Superman: The Game
|Superman: The Game|
|Developer(s)||First Star Software|
|Publisher(s)||First Star Software (US)|
Beyond Software, Telecomsoft, Prism Leisure (UK)
|Platform(s)||Acorn Electron, Amstrad CPC, Atari 8-bit, BBC Micro, Commodore 64, Commodore 16, ZX Spectrum|
Superman: The Game is a 1985 video game designed by Fernando Herrera and published in the U.S. by First Star Software for the Commodore 64. The title was ported to a number of other home computers in Europe.
The game is for 2 players (or 1 vs the computer) and pits Superman against the character Darkseid. The object of the game is to save citizens of Metropolis (playing as Superman) or lure them to your underground lair (playing as Darkseid).
The game area is split into six sectors; 3 in the streets of Metropolis and 3 underground. Frantic citizens are running around the city and can be directed by deflectors (which can be set in certain directions) or by using super powers (Superman can pick up and carry citizens, Darkseid can teleport them). The players cannot leave a sector until they collect a diamond (or a number of diamonds depending on the difficulty setting). They then get to choose which sector to move to. In between each sector is a 'combat zone' mini-game These come in a variety of styles. If the player who chose to leave the sector wins, the game moves on to the chosen sector. If they lose, play returns to the previous sector. In the sectors, the players can fire beams of set lengths (Superman uses heat vision, Darkseid fires an omega ray). If they hit, the enemy loses energy and also drops any diamonds collected. These beams are also directed by the deflectors.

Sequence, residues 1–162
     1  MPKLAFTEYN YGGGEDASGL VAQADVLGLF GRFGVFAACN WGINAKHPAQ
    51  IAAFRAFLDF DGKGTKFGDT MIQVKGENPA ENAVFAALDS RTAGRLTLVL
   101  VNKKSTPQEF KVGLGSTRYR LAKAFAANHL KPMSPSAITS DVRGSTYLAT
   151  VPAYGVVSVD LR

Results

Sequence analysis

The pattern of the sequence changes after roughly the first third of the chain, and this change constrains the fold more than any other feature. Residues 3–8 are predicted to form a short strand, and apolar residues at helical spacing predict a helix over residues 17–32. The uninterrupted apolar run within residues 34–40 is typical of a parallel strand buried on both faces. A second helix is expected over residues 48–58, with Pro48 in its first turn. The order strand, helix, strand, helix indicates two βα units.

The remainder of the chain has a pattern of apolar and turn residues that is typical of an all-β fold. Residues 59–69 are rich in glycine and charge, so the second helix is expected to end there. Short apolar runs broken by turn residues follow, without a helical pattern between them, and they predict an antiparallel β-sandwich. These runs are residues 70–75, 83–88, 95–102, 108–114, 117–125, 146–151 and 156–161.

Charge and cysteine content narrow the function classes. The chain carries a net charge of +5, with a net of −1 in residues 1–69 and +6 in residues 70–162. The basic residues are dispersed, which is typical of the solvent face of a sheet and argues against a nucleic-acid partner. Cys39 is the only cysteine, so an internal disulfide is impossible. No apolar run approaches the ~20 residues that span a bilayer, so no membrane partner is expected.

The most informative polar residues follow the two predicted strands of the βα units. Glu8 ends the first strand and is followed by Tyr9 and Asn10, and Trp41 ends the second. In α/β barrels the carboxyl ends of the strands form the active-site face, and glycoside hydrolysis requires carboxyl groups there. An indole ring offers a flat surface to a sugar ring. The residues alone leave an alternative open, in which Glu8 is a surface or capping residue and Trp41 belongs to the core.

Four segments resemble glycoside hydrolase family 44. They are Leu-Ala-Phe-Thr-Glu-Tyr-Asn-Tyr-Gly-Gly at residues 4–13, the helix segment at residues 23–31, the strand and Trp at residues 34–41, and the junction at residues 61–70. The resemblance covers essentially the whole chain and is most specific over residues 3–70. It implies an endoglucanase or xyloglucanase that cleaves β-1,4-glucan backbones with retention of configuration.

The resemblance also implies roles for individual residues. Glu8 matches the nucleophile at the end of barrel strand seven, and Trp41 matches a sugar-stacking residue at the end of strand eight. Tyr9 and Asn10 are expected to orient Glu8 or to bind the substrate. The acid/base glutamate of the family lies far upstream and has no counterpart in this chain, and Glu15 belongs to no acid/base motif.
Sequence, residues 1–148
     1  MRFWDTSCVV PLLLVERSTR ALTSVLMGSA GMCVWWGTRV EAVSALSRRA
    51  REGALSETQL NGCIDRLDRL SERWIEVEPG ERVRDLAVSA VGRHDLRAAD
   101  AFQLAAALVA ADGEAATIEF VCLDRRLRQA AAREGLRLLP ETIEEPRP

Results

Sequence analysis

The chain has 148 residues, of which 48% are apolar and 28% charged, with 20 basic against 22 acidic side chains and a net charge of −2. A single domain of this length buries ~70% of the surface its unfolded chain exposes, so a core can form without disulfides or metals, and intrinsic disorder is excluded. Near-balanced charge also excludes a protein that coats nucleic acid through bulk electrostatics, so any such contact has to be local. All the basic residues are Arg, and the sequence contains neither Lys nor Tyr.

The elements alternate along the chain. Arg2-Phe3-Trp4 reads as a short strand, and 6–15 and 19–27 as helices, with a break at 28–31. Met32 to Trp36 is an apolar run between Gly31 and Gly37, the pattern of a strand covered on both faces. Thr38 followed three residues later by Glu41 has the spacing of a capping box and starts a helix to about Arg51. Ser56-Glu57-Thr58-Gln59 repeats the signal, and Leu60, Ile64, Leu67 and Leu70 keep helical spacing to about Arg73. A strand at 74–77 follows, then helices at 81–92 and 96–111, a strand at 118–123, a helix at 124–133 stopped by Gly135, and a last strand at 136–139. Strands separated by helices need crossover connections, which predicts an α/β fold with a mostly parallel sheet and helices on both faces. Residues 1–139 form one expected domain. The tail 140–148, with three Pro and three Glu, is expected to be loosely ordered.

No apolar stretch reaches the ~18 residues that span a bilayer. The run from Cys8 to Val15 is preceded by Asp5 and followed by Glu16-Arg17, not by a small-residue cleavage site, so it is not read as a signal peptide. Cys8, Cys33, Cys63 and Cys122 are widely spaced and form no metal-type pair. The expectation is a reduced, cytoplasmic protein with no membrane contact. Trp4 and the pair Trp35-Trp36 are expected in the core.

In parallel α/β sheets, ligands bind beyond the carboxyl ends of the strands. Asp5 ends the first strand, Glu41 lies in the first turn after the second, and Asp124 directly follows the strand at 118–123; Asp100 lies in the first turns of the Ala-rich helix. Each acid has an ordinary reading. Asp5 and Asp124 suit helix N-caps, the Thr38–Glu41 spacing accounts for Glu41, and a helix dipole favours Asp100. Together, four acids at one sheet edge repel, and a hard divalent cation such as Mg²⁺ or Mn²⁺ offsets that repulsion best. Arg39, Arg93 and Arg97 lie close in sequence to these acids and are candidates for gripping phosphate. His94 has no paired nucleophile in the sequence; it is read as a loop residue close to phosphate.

The game ends when there are no more citizens running around or one of the players' energy bars is fully drained. The winner is the player who has saved (or lured) the most citizens at this point.
Originally released in 1985 for the Commodore 64 in the US by developer First Star Software, it was picked up in the UK by Beyond Software. Beyond also advertised conversions for the ZX Spectrum, Amstrad CPC and Atari 8-bit family but not all of them[which?] made it to release. Telecomsoft released the Spectrum version for the first time at a budget price in 1986. In 1987 Prism Leisure Corporation published the game. This included all of the previous versions as well as new conversions for the Commodore 16/Plus/4, BBC Micro and Acorn Electron. The new conversions did not contain the combat zones.